International students in Korea can work upto more hours

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International students in Korea can work upto more hours


International students in South Korea will have lower financial thresholds to meet when applying, as well as expanded work rights while studying, according to measures outlined by the Ministry of Justice.

The Ministry of Justice (MOJ) in South Korea has announced new measures to attract more international students to the country and improve their experience. These measures include lowering the financial proof threshold for student visa applications and increasing the work hour allowances for international students.

Under the new rules, the financial proof threshold for student visa applications will be reduced. Previously, degree-seeking students had to prove they had at least $20,000, but now the requirement will be 20 million South Korean won (approximately $15,400). For students applying to universities outside of metropolitan areas, the threshold will be further lowered to 16 million won.

The lower financial threshold aims to make it easier for students from poorer countries to pursue education in South Korea. Johan Asplund, head of the Dream Studies Abroad agency, believes that this change will have a positive impact on attracting a more diverse range of students to different parts of the country.

In addition to the financial changes, international students will also have increased work-hour allowances. They will now be permitted to work 25 hours per week instead of the previous limit of 20 hours. Students with higher Korean proficiency will be allowed five hours of work per week.

The measures are part of an effort to attract and retain international students, and the MOJ acknowledges the importance of providing job and career opportunities for these students. The MOJ’s programs also aim to attract high-quality students who can contribute to the fields of science and technology.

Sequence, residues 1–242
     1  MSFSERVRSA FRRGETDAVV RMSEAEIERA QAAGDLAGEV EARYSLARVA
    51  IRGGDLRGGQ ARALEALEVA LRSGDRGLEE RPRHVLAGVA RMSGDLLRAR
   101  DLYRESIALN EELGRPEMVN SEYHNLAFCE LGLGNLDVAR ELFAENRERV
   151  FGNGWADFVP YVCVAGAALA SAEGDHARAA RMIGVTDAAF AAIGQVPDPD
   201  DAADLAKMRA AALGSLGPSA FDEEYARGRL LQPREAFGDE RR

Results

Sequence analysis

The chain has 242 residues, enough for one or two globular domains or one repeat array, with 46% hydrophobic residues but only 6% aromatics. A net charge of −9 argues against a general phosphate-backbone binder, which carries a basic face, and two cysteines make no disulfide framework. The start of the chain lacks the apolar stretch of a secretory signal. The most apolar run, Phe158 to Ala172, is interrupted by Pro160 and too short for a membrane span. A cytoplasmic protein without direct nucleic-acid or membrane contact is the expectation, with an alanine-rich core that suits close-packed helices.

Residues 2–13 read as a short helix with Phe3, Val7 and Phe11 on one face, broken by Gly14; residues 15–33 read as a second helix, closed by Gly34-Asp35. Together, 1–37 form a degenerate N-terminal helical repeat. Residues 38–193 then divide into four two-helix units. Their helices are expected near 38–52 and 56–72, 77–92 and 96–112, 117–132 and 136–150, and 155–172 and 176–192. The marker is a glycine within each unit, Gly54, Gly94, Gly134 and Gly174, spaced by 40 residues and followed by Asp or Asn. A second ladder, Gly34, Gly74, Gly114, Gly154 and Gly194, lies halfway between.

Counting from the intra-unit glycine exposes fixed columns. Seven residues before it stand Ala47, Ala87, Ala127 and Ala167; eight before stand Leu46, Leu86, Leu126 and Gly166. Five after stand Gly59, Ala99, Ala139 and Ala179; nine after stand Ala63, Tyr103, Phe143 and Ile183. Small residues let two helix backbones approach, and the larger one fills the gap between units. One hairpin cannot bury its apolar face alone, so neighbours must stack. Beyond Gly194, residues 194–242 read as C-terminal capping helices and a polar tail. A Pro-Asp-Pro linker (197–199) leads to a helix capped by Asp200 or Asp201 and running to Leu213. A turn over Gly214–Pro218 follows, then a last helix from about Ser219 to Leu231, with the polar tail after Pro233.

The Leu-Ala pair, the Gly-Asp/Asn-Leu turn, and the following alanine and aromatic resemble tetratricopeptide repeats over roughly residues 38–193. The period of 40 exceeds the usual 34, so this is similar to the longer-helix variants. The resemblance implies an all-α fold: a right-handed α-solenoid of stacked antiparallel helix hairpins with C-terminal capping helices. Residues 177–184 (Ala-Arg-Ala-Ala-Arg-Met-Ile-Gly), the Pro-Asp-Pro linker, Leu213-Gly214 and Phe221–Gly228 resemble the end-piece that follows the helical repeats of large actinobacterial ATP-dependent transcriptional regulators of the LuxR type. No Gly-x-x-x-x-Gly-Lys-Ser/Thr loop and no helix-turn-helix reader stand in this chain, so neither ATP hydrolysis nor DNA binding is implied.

The new measures will also allow international students to participate in internships related to their field of study during university holidays, in addition to their usual part-time jobs. This provides students with practical experience and further enhances their education.

The release of these measures comes amid delays in the Study Korea 3.0 initiative, which aims to attract more students from overseas. South Korea hosted 200,000 international students in 2022, but concerns have been raised about the rising number of international students with illegal status. The MOJ’s measures aim to address these concerns and provide a holistic approach to international admissions and post-study job opportunities.

Overall, these new measures in South Korea will make education more accessible and improve the experience of international students. By lowering financial thresholds and expanding work rights, the country aims to attract a diverse range of students and provide them with valuable opportunities for personal and professional growth.

[Additional Resources: The original article can be found at The PIE News website.]

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